Identifying Construction Bugs 3

Subcontractor Extras                                    

Subcontractor extras tell the builder where money was spent to solve problems that fell outside the scope of work sections in the contracts.

Extras tell the builder where design plans are incomplete or incorrect…and where contract language is loose.  Extras are a source of information for tightening the budget on future phases of an existing project and formulating more accurate budgets.

Advice from Subcontractors                         

            Advice from subcontractors is another valuable source of information for figuring out how to improve the construction.

Subcontractors have a unique viewpoint close to the construction.  Because many subcontracts are awarded through negotiation involving the same subcontractors, design and construction improvements can be solicited from a builder’s regular group of subcontractors…in technical jargon called value engineering.

Debriefing Meetings                                      

Debriefing meetings with field personnel…after the completion of each project…can be one of the best sources of debugging information.  Field people are in the best position on a daily basis to observe and record…and then pass along…their hard-earned knowledge of what problems and mistakes to avoid on future projects.

For the builder to be in a positive position to receive this information from the field…assembly-line type bugs must be recognized for what they are…unforeseeable problems and not the result of human error.

A debriefing meeting at the close-out of every project should have some financial bonus or salary raise attached to the information given from the field to the builder…and not an occasion to point fingers and place blame.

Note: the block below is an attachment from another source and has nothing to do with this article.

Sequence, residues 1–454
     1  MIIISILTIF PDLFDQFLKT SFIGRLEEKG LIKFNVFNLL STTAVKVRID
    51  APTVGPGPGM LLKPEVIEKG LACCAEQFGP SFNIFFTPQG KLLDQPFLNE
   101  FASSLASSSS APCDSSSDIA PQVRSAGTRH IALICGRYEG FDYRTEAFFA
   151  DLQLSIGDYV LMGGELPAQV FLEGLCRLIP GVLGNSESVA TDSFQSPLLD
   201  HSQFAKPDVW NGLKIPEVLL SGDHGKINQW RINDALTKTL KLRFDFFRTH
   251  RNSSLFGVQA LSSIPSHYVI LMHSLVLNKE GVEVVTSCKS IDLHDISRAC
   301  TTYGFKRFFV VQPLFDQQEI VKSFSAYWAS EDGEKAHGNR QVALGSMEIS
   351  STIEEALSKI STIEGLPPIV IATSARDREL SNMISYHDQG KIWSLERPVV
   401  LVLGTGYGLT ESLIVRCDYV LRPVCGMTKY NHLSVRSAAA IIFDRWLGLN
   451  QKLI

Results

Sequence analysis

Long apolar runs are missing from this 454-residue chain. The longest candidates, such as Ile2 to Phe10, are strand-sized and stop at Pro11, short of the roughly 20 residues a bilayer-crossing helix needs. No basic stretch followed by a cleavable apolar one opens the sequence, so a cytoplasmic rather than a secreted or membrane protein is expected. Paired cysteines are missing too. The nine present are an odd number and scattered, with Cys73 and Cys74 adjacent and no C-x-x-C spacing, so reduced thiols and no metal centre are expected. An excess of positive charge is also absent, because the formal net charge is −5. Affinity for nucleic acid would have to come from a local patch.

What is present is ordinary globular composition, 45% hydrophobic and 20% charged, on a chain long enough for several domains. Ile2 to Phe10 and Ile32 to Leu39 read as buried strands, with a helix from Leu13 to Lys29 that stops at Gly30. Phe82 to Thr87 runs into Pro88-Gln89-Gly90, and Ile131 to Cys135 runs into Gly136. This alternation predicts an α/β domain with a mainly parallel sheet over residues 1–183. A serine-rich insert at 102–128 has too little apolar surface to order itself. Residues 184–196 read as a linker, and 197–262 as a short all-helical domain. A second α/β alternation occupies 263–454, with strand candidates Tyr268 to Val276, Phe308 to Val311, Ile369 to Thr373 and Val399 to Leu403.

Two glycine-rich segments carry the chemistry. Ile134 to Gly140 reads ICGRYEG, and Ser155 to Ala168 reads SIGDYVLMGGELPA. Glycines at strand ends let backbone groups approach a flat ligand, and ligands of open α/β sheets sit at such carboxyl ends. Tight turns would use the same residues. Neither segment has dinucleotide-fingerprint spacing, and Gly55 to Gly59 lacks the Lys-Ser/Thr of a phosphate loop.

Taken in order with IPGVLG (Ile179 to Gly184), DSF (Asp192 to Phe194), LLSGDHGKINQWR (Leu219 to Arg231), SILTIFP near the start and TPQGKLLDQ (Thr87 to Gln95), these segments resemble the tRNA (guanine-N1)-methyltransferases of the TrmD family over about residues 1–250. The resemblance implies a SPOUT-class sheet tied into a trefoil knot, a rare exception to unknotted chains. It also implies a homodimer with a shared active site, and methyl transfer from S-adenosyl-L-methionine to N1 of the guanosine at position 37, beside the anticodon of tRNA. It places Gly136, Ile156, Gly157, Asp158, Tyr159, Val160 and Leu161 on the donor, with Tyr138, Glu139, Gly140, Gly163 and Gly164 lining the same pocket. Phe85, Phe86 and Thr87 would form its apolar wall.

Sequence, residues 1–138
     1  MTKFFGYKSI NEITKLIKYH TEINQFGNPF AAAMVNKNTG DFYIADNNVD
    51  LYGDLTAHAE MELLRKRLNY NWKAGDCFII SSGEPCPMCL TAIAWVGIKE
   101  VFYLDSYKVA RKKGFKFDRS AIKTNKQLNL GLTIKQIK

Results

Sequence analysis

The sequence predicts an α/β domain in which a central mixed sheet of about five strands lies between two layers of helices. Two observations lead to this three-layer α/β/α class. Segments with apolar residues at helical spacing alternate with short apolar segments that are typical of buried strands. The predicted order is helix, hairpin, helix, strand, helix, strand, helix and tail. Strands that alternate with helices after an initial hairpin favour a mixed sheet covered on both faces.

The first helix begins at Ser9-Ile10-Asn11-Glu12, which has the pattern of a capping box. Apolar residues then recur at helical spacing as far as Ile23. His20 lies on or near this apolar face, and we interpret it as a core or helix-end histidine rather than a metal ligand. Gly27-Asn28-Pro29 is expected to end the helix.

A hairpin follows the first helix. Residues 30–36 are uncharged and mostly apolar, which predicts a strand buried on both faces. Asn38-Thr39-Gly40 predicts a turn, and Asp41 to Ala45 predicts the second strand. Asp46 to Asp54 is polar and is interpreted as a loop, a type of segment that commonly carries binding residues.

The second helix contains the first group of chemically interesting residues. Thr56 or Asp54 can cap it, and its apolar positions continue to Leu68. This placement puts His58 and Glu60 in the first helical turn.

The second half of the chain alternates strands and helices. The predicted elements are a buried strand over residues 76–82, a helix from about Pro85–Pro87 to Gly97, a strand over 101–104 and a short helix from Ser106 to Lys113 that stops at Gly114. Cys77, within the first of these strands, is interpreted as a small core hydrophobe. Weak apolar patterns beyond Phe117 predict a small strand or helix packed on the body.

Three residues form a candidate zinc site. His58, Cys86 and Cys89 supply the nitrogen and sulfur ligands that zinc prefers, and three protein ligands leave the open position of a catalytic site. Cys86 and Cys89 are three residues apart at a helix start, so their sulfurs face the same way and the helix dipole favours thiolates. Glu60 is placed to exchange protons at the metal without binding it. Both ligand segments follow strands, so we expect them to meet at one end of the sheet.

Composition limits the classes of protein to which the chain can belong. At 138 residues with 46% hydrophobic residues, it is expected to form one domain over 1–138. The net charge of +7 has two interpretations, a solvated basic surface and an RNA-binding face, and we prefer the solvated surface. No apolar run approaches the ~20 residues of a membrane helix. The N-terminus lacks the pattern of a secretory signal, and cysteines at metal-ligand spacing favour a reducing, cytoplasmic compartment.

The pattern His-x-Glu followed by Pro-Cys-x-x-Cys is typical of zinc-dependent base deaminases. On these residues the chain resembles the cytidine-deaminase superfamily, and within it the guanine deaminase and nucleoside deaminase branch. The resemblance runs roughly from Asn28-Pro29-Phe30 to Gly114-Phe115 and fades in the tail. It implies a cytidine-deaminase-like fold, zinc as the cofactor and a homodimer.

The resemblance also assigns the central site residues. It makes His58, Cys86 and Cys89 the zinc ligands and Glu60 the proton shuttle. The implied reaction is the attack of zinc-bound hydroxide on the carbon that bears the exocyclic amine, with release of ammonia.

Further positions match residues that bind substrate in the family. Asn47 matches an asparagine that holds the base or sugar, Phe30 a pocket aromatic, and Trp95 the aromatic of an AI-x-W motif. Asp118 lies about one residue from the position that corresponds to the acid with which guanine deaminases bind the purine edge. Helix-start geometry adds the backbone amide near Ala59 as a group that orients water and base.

Otherwise the field superintendents and project managers will simply keep this information to themselves…improving their own expertise.  This does help the builder…but the goal here is to download the information from the field and then integrate it into the next upcoming projects in order to proactively prevent design and construction mistakes while the projects are still on paper.

The idea for the builder is to transfer valuable information from the field into the overall company at-large…so the company possesses this information as well as their best and brightest field supervisors.

Company-Wide Construction Program                                

After establishing a debugging program, the formation of a comprehensive, standardized, company-wide construction system is the second most important thing that company owners and top managers can do to improve the construction.

A company-wide construction program involves information, policies & procedures, tasks, and standards that uniformly apply to all of a company’s projects.

For example, a mass-production tract housing builder may have 10 projects under construction.  Three of the projects have grade-A quality superintendents, four of the projects have grade-B quality superintendents, two of the projects have grade-C quality superintendents, and the tenth project has a superintendent that is performing at a grade-D quality level.

This is not an unusual scenario…and this arrangement will function and complete tract houses that get sold and turn a profit for the builder.  This scenario is being repeated many times for builders around the world…in variations on the same script…for builders having three projects or twenty.

The problem here goes back to the point made elsewhere in this book…that owners and managers of building construction companies with backgrounds in real estate, finance, accounting, or law…because they lack first-hand field experience in construction assume incorrectly that they cannot beneficially become involved in the nuts-and-bolts operation…and therefore delegate 100% of the field management to experienced superintendents and project managers…producing in the ten-project company example above ten different approaches to running the field construction ranging from grade-A quality down to grade-D quality.